Some highlights from the Alberta budget

Yolanda Curtis
February 26, 2021

The province is pushing off deep cuts to its bottom line in order to help protect the economy and lives during the pandemic as it anticipates high deficits, even higher debt and modest recovery to its revenues.

This is what the Conservative government, united in the last budget, had already been criticized for when it had forecast an oil price of 58 U.S. dollars a barrel.

Kenney says the budget will concentrate on getting Alberta past the pandemic and on rebuilding the economy that has seen businesses close and jobs lost during the health crisis.

Guy Smith, president of the Alberta Union of Provincial Employees (AUPE), the largest union in the province, said Thursday's budget decisions will take money out of pockets of people who've helped Alberta through the pandemic.

However, this plan is no longer adequate due to the COVID-19 pandemic, says University of Calgary economist Trevor Tombe.

- $3.1 billion to diversify economy and expand aviation, tech, pharmaceutical and tourism sectors.

"It's a little bit of a deer in the headlights budget".

Alberta's revenue fell to a forecasted $42.3 billion in 2020, $7.7 billion less than the government had budgeted for last February.

The decrease falls on Alberta Health Services, Alberta Public Service departments and impacts all levels of education.

- Personal income tax to generate an estimated $11.6 billion.

The debt is now expected to reach $116 billion by the end of the fiscal year.

Annual spending on debt interest is closing in on $3 billion.

That will bring debt servicing costs soaring up to the highest rates the province has ever seen.

"There will come a time when it will be important to take a hard look at the efficiency and appropriateness of Alberta's revenue and tax structure", he said.

The 2021-22 budget includes $2.2 billion in the capital plan for new and ongoing health facility infrastructure projects. This climb comes after a drop in GDP by 7.8 per cent in 2020 and a near-flat GDP in 2019.

"Right now we are well on track with respect to the Alberta public service, and our plans on right-sizing the public sector".

Right now, about half the province's operating expenses are related to compensation. "We're on a path of delivering government services most efficiently", said Toews of the government goal to reduce the public service by almost eight per cent. The entire public sector will see an overall three per cent reduction - or $822 million - in compensation to $26.7 billion.

Toews said the United Conservative government remains committed to reducing public-sector, per-capita spending to match that in comparable provinces such as British Columbia and Ontario.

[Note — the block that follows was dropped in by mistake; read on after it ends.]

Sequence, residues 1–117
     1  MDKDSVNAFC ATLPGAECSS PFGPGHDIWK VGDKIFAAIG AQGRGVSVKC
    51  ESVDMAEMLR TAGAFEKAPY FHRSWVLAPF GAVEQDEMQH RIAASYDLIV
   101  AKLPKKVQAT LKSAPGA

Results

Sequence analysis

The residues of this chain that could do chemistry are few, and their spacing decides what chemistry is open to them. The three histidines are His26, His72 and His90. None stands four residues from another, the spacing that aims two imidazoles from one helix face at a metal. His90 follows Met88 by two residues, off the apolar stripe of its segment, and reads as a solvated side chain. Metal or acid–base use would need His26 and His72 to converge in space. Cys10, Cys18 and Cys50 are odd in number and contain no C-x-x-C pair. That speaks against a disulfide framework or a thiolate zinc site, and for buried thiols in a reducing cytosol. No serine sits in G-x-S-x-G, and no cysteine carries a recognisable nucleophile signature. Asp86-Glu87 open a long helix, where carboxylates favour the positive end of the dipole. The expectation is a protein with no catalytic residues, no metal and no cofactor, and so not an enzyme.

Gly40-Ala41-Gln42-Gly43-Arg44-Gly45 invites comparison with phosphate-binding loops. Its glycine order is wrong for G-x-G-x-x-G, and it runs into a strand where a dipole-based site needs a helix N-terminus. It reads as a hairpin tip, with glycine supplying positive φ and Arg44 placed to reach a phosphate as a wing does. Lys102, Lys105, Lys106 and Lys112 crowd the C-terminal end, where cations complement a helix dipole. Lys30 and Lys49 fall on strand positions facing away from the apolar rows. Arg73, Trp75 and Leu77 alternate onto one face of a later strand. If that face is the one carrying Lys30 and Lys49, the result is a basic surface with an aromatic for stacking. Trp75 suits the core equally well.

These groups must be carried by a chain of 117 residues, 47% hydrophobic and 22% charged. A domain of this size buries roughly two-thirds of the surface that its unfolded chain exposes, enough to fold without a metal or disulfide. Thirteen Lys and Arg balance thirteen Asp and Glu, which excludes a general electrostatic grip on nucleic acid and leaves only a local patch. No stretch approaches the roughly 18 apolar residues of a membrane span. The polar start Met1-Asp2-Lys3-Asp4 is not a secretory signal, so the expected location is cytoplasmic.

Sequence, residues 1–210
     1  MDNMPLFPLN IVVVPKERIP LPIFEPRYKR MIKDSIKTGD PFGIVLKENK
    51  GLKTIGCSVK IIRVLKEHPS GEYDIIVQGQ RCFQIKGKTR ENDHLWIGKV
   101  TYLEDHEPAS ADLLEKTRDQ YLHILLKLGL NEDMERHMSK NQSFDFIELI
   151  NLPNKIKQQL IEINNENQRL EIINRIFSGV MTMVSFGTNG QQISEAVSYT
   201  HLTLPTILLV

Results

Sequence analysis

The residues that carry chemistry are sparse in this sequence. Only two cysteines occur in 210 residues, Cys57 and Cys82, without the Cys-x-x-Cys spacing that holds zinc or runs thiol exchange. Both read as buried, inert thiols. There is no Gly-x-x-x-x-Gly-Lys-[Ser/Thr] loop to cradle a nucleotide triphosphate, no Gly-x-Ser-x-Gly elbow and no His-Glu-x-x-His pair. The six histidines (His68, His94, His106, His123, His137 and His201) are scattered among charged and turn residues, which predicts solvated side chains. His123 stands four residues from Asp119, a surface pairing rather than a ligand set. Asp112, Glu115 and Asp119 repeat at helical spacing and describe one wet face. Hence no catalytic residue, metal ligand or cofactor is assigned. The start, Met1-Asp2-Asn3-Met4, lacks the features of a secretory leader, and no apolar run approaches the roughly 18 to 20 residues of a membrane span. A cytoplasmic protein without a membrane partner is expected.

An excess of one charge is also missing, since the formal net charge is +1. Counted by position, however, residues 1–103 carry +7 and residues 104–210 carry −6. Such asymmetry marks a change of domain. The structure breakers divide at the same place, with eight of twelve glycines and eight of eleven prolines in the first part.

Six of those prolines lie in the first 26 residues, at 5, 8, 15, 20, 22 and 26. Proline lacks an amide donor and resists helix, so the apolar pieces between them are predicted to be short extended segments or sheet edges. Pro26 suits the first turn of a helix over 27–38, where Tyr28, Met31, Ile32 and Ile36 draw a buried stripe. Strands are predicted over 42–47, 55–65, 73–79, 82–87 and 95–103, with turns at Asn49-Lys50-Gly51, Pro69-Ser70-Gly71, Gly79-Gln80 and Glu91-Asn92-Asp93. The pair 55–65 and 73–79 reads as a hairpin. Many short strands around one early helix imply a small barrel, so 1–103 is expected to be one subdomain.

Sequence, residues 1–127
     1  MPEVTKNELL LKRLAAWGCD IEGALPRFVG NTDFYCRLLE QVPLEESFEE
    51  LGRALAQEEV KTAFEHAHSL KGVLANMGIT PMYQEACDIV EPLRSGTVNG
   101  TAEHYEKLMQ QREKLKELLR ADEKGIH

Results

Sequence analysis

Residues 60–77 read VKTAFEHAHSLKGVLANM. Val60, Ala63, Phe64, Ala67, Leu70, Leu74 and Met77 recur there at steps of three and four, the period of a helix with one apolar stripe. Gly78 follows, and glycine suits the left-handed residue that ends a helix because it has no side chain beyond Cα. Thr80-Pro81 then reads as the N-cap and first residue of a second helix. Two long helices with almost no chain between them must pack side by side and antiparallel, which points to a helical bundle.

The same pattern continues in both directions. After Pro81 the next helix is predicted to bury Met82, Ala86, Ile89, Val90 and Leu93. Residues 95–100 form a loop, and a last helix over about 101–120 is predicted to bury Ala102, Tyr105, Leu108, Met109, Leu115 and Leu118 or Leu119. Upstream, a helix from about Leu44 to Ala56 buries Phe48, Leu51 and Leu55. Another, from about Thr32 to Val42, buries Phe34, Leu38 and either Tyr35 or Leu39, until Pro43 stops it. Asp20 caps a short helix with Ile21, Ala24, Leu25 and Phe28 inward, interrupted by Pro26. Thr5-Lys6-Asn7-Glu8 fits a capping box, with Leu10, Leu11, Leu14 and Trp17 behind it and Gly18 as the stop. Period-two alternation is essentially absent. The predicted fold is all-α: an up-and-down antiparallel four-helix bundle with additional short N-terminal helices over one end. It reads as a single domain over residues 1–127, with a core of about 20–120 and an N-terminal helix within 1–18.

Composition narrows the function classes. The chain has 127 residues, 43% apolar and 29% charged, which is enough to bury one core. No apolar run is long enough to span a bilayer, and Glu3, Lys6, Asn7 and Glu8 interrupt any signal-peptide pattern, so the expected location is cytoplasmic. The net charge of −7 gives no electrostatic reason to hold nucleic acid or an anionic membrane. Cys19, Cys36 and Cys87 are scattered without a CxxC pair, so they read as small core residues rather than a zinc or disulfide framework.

But even once Alberta gets spending in line with other provinces, which is expected in 2023-24, the province will still face an $8-billion deficit.

The budget delivered on promises to avoid tax increases in a province that has the lowest per-capita tax regime in Canada - and is the only one with no retail sales tax.

Toews said that the UCP is still set to meet the four-year target. Alberta is now the only province without a PST.

"I don't think too many Albertans are laying away at night wishing the Premier's office would increase its budget by $2 million", said Terrazzano.

- Spending of $57.3 billion before expenditures on COVID-19 and cancelled crude-by-rail contracts. So how they can build into the budget a preconceived outcome?

Alberta's economy is now pegged to recover to pre-COVID-19 levels by 2022, one year earlier than had been expected in the mid-year quarterly fiscal update.

Indicators suggest the overall fiscal future, while not rosy, is brighter.

Oil prices have rebounded in recent weeks to above US$60 a barrel for the benchmark West Texas Intermediate, but Toews said the province can't count on or budget for renewed boom times. For this coming year, Alberta is estimating oil prices to average out to $46, and climb to $56.50 by 2023-24.

The Business Council of Alberta argues that now is precisely the time to at least start talking about taxes after the pandemic laid bare just how exposed the province's economy is to resource prices.

The government had planned to reduce the deficit by two-thirds between 2020 and 2021.

"The minister publicly-released the results of that review, but its implementation has been on hold while we have been focused on managing COVID-19", said Toews while presenting the budget to the legislature. The pot also includes a contingency of $500 million in 2021-22 to fund emerging sector strategies and any further economic recovery needs that arise during the year.

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